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The Madzo Family

The Madzo family lives in Bismark in the centre of the Niagara Peninsula where 88 year-old Louie Sr. works the farm with his son, Louie Jr. Their land includes 10 acres of mixed hardwoods which they actively manage and, when he retired in 1993, Louie Sr. began adding white pine for extra diversity.

He cleared shrubbery in the woods by hand, using pick axe and shovel, and then planted seedlings obtained from the 1st Provincial Nursery in St. Williams. With approximately 500 planted each year, the family is very proud of the 3,000 pine which now stand 40 feet tall in their woods. Louie Sr. says “They have added a wonderful diversity to the woodlot, in both summer and winter.”

In 2005, with the help of Trees Unlimited and the Niagara Woodlands Restoration Fund, 5,490 bare root seedlings were machine planted on 6.1 acres adjacent to the hardwoods, adding additional diversity and almost doubling the total acreage of the family’s forest.

In 2013, the Madzo’s were awarded the Niagara Woodlot Association’s “Woodlot Owner of the Year” award.

One of Louie Sr.’s favourite sayings is: “Plant a tree today and retire in the shade!”

Member Profile

  • Tony and Ann Bull
    Tony and Ann Bull

    Our property had about 30 ha of established bush and some open fields, as well as a house and barns. The year after we bought the place we had 6 ha planted in red pine thanks to the Woodlands Improvement Agreement. The bush is quite varied; stands of white pine and poplar and many mixed stands. A small area of red pine was planted in the mid 1970’s. There had been no extensive harvest in 50 years.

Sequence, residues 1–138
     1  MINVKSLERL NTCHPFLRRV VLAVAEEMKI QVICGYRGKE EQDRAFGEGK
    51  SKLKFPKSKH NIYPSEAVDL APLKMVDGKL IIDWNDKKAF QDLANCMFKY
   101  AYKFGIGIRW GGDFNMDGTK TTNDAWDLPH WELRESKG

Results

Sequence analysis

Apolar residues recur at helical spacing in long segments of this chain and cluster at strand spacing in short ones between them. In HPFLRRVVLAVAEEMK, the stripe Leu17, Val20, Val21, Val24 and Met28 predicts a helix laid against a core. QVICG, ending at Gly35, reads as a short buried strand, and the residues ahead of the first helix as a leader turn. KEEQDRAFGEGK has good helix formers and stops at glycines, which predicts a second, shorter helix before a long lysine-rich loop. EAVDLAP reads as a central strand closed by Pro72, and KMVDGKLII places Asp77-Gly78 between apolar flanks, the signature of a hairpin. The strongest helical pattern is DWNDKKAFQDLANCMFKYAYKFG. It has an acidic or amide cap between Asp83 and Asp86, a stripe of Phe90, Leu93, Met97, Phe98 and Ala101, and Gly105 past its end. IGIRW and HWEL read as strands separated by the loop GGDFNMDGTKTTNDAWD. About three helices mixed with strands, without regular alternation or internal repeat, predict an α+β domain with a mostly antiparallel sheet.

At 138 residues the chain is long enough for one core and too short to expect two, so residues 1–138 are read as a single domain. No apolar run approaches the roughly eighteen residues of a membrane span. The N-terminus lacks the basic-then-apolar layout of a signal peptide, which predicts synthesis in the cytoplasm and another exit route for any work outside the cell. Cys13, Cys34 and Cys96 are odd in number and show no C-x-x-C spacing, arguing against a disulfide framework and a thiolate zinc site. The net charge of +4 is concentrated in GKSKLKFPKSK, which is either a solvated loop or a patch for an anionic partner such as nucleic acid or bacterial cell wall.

Over the years we cut enough wood to heat the house and sell a small amount that we did not need. We cut trees of inferior quality and those that competed too successfully with red pine which need full light.

    Membership in OWA led to learning more about woodlot management. In addition, we achieved Forest Stewardship Certification for the woodlot via the Eastern Ontario Model Forest that holds the FSC certificate.

    In preparing a management plan we became convinced that the established forest was in need of an improvement thinning. The thinning operation started in the winter of 2005; the last load taken out in October 2006. A local horse logger conducted the operation under contract with Laverne Heideman and Sons. They did not have the best quote price-wise, but they had a good reputation for a quality operation. Our interest was in the state of the bush after logging, number one; and a fair price. We felt that we achieved both. And in 2011 we had a first thinning of the red pine plantations that we had planted in 1986.

    In addition to working in the bush we hike and ski on our trails, and enjoy the solitude and privacy that comes with a substantial area of land. Caring for the bush and its inhabitants and outdoor experiences in all seasons and weather, both severe and benign, has greatly enriched our lives.

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